As exciting as it is to buy a home, the lead-up can be a dizzying experience, especially for first-time buyers. But don’t fret. Breaking down the process into smaller steps can help ease your anxieties. Here’s a look at the kinds of questions you’ll want to ask yourself, as well as a few other practical tips.
Judge your readiness for responsibility
Although the thought of homeownership is generally a pleasant one, the reality can be much more stressful. That’s why it’s crucial to ask yourself whether you’re really ready for the hassles of buying and owning a home. Gone will be the days when you could simply call the landlord to fix a leaky faucet. Those chores will become your responsibility once you own your castle.
You’ll also want to think about how long you plan on living in the home you’re interested in, which will determine whether you want a fixed- or adjustable-rate mortgage. The latter typically offers a lower interest cost if you plan to sell in a few years.
Determine what you can afford
Figuring out how much home you can afford is one of the most important steps. To start off, think about your down payment, as well as the transaction costs. Although experts recommend having 20% of the price for a down payment, you may be able to put down as little as 3%, assuming your credit score is good and you’re willing to accept a higher interest rate and pay for private mortgage insurance, or PMI. To give you a better sense of what you might have to pay, consider that the median sales price of an existing home was about $200,000 in February 2015. So 20% down amounts to $40,000.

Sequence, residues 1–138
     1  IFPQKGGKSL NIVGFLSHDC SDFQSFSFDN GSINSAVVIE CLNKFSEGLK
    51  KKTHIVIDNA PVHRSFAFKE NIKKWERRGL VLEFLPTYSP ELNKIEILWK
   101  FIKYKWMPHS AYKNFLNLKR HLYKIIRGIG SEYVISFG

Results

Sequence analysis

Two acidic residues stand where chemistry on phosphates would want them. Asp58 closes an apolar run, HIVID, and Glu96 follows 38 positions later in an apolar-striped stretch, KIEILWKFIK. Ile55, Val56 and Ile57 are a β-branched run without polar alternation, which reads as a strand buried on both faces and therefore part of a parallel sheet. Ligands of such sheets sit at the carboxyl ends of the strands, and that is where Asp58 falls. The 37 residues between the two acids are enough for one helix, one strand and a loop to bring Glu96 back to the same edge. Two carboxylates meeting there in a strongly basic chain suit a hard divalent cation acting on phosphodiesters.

Don’t forget the transaction costs, which can amount to 5% of the price, to cover things such as appraisal, title search and lawyer’s fees. When coming up with a homeownership budget, factor in the monthly mortgage payment, maintenance costs and energy bills.
Clean up your credit
If you’re applying for a mortgage, you’ll want to clean up your credit to get the best possible interest rate on your loan. To lock in the best ones, shoot for a credit score of 700 or above. Over the course of a 30-year mortgage, higher rates stemming from a low score when you borrowed can cost you tens of thousands of extra dollars.
For starters, reduce your debt as much as possible. That includes slashing your credit card debt as well as any remaining student loans. To see what else needs fixing, order a copy of your credit report.
Stick with your current job
Financial planners agree that people should spend 28% or less of their gross monthly income on housing payments. The key to that, of course, is having a job. If you’re in between work, lenders are likely to view you as a greater risk when it comes to making mortgage payments. As such, the months leading up to purchasing a home are definitely not the time to make a sudden job or career change.
There’s little denying that the process of buying a home can be stressful. In fact, that may serve as good preparation for some of the hassles related to actually owning a home. In both cases, though, the benefits of homeownership tend to outweigh the occasional headaches.